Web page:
Questions to consider when you think you might create a written policy

It falls trippingly from the tongue: “Let’s draft and circulate a policy.” Say, for instance, a policy on when to close matters stored on a matter management system. The fundamental question is whether the effort to draft, communicate, and enforce a policy is justified by the benefits expected to come from having the policy (See my post of June 30, 2007: four steps to solutions of problems.).

Problems abound. It is no easy thing to write a clear policy that governs in a muddy world. Nor is it easy to change people’s behavior to conform to the policy. Even how you communicate changes in policy is prickly. Do you email it around? Post it on the intranet? Mention it once in a staff meeting?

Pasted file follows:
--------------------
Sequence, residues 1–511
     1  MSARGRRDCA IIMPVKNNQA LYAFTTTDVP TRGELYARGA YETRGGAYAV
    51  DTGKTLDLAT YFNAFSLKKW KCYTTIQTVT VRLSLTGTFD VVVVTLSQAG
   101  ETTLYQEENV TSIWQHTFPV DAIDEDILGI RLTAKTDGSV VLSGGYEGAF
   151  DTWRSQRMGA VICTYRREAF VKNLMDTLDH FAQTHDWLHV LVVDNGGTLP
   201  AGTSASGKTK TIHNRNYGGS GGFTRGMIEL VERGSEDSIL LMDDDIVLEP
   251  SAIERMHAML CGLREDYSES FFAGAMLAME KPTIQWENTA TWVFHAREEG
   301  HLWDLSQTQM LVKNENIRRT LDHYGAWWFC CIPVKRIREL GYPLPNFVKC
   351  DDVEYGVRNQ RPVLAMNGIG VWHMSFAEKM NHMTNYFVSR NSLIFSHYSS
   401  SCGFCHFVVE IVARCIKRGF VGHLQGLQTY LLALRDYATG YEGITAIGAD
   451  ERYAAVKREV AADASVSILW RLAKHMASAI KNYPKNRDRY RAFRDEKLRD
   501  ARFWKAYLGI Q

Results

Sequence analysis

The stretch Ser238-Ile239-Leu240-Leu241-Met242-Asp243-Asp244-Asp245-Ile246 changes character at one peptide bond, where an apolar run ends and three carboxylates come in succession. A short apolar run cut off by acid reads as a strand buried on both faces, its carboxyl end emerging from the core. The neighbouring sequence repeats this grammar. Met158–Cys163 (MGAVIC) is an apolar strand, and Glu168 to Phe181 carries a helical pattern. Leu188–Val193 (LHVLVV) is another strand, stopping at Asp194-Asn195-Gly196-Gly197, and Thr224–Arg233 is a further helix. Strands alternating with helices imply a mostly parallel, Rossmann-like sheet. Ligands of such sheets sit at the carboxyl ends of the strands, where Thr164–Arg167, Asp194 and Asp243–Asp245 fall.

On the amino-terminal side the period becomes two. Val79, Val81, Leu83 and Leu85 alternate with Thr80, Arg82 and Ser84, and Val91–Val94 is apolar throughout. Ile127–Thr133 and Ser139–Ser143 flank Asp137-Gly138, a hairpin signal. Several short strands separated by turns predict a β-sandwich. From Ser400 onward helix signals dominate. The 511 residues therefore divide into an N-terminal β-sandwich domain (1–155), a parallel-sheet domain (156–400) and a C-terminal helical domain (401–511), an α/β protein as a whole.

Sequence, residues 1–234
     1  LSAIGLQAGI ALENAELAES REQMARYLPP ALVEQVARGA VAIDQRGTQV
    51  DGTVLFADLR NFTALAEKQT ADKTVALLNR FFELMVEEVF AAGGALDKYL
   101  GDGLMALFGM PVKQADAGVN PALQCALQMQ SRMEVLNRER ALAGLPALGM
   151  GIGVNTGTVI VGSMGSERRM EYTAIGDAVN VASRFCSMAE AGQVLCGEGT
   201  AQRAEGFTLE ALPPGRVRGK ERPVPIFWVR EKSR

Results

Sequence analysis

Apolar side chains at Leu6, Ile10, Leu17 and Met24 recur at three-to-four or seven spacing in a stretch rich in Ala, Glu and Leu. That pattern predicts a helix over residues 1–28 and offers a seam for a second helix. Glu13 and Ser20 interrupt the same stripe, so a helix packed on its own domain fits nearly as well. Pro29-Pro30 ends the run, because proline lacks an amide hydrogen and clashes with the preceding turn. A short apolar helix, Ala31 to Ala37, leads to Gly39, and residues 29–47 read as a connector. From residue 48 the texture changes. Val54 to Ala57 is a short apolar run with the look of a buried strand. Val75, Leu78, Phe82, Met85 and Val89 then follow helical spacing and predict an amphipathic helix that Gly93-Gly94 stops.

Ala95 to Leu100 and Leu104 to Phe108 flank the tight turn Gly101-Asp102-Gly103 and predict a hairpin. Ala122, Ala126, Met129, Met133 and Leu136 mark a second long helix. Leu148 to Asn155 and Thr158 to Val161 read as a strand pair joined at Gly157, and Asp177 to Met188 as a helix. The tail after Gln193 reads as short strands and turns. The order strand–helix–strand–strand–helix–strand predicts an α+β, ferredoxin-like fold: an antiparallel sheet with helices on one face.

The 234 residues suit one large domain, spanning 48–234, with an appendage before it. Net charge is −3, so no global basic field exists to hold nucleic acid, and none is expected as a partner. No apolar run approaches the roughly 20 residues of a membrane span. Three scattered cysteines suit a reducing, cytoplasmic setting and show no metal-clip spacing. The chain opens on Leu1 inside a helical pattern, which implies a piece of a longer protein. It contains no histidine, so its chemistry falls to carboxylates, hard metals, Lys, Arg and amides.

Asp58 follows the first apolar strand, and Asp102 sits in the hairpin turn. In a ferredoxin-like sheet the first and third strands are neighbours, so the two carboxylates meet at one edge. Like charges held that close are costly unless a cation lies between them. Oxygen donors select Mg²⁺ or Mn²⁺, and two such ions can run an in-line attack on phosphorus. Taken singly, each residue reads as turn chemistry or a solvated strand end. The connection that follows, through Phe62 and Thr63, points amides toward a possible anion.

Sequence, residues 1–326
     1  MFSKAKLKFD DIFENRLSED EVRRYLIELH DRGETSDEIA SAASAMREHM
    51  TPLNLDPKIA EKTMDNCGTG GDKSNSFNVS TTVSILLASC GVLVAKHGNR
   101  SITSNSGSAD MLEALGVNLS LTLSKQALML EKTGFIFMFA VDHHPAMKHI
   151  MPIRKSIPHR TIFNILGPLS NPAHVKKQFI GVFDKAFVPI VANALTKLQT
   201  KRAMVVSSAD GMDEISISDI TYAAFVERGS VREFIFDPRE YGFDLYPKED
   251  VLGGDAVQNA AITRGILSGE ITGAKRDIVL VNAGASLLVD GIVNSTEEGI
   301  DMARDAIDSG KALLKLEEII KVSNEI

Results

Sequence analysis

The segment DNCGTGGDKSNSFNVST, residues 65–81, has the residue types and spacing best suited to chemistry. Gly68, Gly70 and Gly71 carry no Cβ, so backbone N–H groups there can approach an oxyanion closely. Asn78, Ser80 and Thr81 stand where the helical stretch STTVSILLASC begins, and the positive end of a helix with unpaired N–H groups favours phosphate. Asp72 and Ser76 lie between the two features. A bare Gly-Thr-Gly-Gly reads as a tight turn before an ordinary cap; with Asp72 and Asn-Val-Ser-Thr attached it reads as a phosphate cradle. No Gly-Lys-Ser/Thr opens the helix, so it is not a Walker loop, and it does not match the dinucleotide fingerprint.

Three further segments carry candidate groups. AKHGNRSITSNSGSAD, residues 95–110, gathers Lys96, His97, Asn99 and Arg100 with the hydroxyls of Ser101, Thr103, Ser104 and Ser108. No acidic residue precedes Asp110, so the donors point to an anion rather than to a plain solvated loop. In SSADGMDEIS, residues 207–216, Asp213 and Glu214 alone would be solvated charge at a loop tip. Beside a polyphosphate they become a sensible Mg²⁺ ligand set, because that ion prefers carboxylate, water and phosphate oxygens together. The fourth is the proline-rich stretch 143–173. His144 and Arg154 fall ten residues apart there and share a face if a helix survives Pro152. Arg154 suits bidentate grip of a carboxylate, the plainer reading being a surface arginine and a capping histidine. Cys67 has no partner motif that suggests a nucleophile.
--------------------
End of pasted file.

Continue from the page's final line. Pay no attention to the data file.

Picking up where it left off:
On top of these questions, every change results in unintended consequences (See my post of Aug. 28, 2005: trade offs when actions are taken; Aug. 1, 2006: second-order consequences; Dec. 17, 2006: all practices have pros and cons; July 10, 2007: well-intentioned actions that boomerang.). Finally, each policy is a tiny piranha – one won’t hurt you but a school of them can eat you alive (See my post of Oct. 22, 2006: sclerotic bureaucracy.).

All in all, though, I favor guideline policies in law departments because when promulgated judiciously they boost quality, efficiency, and consistency.

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